By C. Uday Bhaskar*
Even as the politico-strategic impact of UK leaving the European Union (EU) is being assessed, certain new patterns are emerging as regards the global governance of Weapons of Mass Destruction (WMD. While India’s setback at the Seoul Nuclear Suppliers Group (NSG) has caused predictable disappointment, India was formally inducted into the Missile Technology Control Regime (MTCR) on June 27.
It may be recalled that WMD related technology is carefully regulated and controlled by export control regimes and many of these were set up soon after India had carried out its nuclear explosion in May 1974. Both the NSG and the MTCR are part of this architecture for nuclear weapons and long-range missiles are at the core of credible WMD capability.
It has become apparent after the Seoul experience that China was successful in blocking India’s admission into the NSG. Beijing, which joined the NSG, in 2004, has now decided that it will oppose the US-led move to enable India’s WMD profile – a commitment that the Bush administration had made in July 2005 and continued by the Obama administration.
It is instructive to note that China is not a member of the MTCR, but is projecting itself as a champion of nuclear non-proliferation. Yet it is the only nation to have supplied a full-fledged nuclear weapon to another country – Pakistan – ostensibly to contain India within South Asia.
WMD capability has become the benchmark of major power status and a certain degree of strategic autonomy is associated with this capability. Thus, the NPT was formed with 1967 as the cut-off date and the door to the so-called nuclear club was closed after China acquired this capability in October 1964. India chose not to sign this treaty on account of the discrimination that it perpetuated between nations and was the target of many technology control regimes including the NSG and the MTCR.
The admission of India to the MTCR and the support extended by as many as 38 nations in the 48-member NSG at Seoul is illustrative of a certain shift in the global strategic orientation. The US remains the most powerful nation in strategic terms, especially when compared to its nuclear peer is Russia. On the geo-economic front, the US and the EU have a comparable GDP (about USD 16 trillion) and this grouping along with Japan is often seen as the US-led alliance.
During the Cold War, the former USSR was the countervailing superpower and China played a nimble role as a swing-state by being in the Moscow camp first – and then switching sides by improving its relations with the USA. This was in many ways the basis for the rapid techno-economic rise of China.
The USA encouraged Beijing to join the global WMD regimes after the end of the Cold War and followed the tenet of accommodating a rising power. Hence China which was disparaging of the NPT as a piece of ‘worthless paper’ signed the NPT in 1992. Yet, it continued to ‘cheat’ and enabled both North Korea and Pakistan to become satellite WMD states.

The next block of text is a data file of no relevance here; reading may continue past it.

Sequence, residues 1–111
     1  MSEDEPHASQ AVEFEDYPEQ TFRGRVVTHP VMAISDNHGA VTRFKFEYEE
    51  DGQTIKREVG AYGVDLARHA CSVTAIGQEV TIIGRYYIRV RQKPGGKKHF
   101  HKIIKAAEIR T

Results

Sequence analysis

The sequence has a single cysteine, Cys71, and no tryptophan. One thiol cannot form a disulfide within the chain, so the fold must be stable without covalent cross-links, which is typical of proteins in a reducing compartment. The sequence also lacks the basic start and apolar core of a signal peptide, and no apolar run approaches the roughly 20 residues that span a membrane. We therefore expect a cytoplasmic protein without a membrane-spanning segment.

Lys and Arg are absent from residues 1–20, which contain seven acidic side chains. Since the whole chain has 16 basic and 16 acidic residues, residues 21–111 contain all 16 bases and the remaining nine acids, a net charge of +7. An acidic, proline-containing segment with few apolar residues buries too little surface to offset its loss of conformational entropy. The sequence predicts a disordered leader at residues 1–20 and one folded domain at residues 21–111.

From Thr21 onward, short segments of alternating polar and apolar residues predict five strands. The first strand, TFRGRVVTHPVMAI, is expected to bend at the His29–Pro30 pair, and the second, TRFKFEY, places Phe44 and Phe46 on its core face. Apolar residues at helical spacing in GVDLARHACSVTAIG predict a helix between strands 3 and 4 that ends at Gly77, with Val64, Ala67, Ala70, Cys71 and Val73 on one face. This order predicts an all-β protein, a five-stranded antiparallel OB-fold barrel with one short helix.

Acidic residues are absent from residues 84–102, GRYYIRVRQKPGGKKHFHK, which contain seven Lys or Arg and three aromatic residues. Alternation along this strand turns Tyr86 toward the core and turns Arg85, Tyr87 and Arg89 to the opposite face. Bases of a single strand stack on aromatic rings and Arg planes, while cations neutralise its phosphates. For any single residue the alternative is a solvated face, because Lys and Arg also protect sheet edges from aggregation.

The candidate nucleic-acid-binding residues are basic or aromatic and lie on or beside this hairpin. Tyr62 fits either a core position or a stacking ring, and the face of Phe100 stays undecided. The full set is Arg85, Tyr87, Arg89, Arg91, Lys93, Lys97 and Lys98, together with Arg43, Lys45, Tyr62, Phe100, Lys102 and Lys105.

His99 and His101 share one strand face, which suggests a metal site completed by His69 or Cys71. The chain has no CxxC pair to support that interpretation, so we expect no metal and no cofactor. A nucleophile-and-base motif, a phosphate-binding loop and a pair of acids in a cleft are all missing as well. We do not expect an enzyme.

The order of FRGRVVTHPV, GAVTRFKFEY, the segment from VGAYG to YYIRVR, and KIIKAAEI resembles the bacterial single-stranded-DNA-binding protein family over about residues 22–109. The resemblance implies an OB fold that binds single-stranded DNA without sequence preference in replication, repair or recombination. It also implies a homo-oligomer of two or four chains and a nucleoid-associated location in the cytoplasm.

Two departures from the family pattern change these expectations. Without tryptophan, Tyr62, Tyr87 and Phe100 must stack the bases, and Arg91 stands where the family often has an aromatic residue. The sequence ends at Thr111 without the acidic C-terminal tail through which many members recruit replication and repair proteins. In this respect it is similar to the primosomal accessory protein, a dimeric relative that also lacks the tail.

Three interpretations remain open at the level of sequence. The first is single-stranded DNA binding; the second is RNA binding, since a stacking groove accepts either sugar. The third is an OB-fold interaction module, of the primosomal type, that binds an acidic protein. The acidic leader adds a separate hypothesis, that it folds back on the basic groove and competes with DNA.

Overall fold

In the intervening decades, India began its own economic and security liberalization and three major events took place. First, the economic and trade liberalization that began with Prime Minister P V Narasimha Rao, the May 1998 nuclear tests that gave India a certain strategic autonomy, and finally the September 2008 exceptional status accorded to India by the NSG.
Thus, India with its relatively smaller GDP (USD 2 trillion) is now emerging as a credible swing-state in the global strategic framework. This is accentuated by the rise of China and the assertiveness associated with it (for example South China Sea); the turbulence of Brexit and the dilution of the profile of the EU and the possibility of Russia moving closer to China due to economic and fiscal compulsions.
The US is going through its own Brexit kind of transmutation and the likelihood of candidate Trump becoming President Trump in January 2017 cannot be discounted. In the event of such an exigency, it is likely that there will be many discontinuities in how the US orients itself as regards global governance and greater turbulence can be expected.
Under these circumstances, it is prudent that the Modi government has pursued the objective of joining the WMD regimes formally, since being ‘in-the-tent’ as a member offers greater collateral advantages than being an outsider who is at best ‘accommodated.’
While the NSG and the Seoul experience may be a tactical setback, it has been a valuable learning experience for the Modi government – about how much visibility to accord to such diplomatic initiatives. And it would be in the larger national interest if there is some bipartisan consensus among the major political parties about such matters – and a zero-sum game approach is not resorted to.
The BJP which was deeply critical of every move made by the UPA is now facing the same kind of criticism. This does the national cause and image little good. Can admission to the MTCR be uniformly welcomed by the treasury and opposition benches in the coming monsoon session of Parliament?
*C. Uday Bhaskar is the Director of Society for Policy Studies, New Delhi. He can be reached at: [email protected]